We were looking for a pleasant seaside village to spell us from driving for a few days and one that doubled as a good launch pad for the Samaria gorge hike. Sougia fit the bill!
On arrival, after lunch, of course, our first venture was to hike over the hill to visit the ancient Greek ruin of Lissos.
Aside from a Roman mosaic floor, there is not a lot of structural antiquity to see at Lissos, but there is a lot to imagine of this city of 1000 years or more (it was abandoned in late antiquity). The famous and ancient spring still provides refreshing liquid for parched throats. Building stones dot the landscape and pottery shards litter the ground. Unfortunately we had too little time to explore deeply before our arranged boat ride back arrived! I would like the chance to visit again.
We continued our drive as far as we could west to the beautiful beach of Phalasarna that faces unobstructed open sea until Tunisia. After a great swim playing in the small, warm and immensely clean waves we slowly made our way south all the way down the western coast until we arrived in the late afternoon at another spectacular beach, Elafonsi.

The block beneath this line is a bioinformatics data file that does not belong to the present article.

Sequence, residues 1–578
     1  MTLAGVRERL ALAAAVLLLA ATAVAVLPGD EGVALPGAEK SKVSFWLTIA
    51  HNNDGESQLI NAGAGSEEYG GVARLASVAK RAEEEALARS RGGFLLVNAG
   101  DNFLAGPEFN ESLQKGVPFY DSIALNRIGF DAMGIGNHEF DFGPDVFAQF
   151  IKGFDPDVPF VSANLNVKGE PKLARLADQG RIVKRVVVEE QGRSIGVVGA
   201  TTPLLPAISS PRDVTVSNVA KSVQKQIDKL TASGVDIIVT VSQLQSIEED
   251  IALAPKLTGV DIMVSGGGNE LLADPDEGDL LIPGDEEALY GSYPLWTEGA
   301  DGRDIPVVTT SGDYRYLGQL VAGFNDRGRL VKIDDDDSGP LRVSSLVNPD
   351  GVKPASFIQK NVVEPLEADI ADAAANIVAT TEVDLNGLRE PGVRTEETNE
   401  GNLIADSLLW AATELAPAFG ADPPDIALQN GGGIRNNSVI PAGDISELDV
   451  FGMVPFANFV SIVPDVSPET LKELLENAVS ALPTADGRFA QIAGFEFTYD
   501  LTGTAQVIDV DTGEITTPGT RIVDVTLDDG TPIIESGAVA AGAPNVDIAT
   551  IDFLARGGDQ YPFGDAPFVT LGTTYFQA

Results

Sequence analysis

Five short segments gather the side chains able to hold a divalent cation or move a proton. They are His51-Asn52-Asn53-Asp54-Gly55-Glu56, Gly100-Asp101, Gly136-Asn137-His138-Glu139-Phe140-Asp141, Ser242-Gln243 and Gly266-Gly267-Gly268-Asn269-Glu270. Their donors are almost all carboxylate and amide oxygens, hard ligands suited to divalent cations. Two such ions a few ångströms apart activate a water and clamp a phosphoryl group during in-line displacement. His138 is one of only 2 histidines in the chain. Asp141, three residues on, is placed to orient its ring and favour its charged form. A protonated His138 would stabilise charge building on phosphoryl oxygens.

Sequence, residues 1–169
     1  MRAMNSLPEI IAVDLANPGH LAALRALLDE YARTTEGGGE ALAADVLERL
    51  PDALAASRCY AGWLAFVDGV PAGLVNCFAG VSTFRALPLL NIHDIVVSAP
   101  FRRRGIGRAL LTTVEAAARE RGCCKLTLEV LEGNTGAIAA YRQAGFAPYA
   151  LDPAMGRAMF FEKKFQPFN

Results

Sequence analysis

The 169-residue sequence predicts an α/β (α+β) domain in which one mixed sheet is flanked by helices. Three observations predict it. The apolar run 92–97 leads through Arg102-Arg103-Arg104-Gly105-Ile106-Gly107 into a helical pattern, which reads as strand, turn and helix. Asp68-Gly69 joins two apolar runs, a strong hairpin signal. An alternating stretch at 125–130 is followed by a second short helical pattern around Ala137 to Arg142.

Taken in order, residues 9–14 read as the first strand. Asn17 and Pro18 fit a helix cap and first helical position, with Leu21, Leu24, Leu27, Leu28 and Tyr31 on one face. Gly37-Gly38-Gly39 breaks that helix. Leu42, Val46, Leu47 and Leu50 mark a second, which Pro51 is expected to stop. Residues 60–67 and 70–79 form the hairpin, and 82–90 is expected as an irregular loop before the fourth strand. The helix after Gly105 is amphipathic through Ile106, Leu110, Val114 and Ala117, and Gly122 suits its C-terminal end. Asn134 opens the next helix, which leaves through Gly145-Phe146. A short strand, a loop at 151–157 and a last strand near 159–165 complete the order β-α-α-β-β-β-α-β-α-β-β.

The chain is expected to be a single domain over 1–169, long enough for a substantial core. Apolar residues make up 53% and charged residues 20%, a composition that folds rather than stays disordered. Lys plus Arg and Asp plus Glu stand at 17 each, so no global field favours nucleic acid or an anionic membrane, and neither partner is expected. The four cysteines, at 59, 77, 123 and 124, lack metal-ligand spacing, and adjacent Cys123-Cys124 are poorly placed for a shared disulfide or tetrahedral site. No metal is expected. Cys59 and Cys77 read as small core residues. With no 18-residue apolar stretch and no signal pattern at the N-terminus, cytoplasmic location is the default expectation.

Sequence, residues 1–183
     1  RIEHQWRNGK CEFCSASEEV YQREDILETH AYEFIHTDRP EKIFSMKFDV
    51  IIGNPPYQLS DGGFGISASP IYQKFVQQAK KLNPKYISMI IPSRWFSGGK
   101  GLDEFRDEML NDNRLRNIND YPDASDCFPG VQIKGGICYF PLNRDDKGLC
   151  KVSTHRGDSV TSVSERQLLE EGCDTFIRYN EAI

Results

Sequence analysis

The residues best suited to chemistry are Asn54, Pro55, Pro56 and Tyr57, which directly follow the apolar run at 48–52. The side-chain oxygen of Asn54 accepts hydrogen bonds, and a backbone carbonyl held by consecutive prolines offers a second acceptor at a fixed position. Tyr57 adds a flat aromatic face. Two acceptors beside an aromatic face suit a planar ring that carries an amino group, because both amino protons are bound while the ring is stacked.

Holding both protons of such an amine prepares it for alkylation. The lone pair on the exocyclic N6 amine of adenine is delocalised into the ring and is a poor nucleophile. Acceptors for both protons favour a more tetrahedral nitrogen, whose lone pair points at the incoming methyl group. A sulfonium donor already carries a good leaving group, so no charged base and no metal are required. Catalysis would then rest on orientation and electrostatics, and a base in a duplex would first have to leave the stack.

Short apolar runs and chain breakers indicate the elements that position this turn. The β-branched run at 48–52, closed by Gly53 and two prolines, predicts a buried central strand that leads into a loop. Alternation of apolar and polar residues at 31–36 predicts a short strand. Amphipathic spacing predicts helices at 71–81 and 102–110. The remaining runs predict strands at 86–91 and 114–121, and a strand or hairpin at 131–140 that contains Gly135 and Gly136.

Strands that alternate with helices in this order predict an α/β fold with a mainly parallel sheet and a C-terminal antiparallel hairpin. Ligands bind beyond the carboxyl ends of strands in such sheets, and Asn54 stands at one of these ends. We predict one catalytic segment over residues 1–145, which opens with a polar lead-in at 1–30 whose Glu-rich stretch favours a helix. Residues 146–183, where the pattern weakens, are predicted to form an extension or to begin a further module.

The roads in western Crete are two-laned, generally windy and often cut sheer profiles without gaurdrails. There is little traffic and the major hazard tends to be complacency or the occasional tourist bus on a blind curve. Passing is a skilled privilege, especially in a underpowered Hyundai. The engine light came on this day. We ignored it.
We traverse small village after small village that look like the peasant villages I visualize from family childhood travels in the 1970’s. Typically a few old men are chatting at the coffee bar, nursing their Greek coffee, while widowed women dressed in black are out doing chores. The roads go right through the center of each town and often narrow to a single lane for short periods. Between villages we see fields of mostly olive orchards or vineyards.
Elafonsi is a national park and rightfully so. Set on an unusual peninsula it possesses a signature pink sand that follows the edge of the water and contrasts beautifully with the blue water and darkly colored rocks.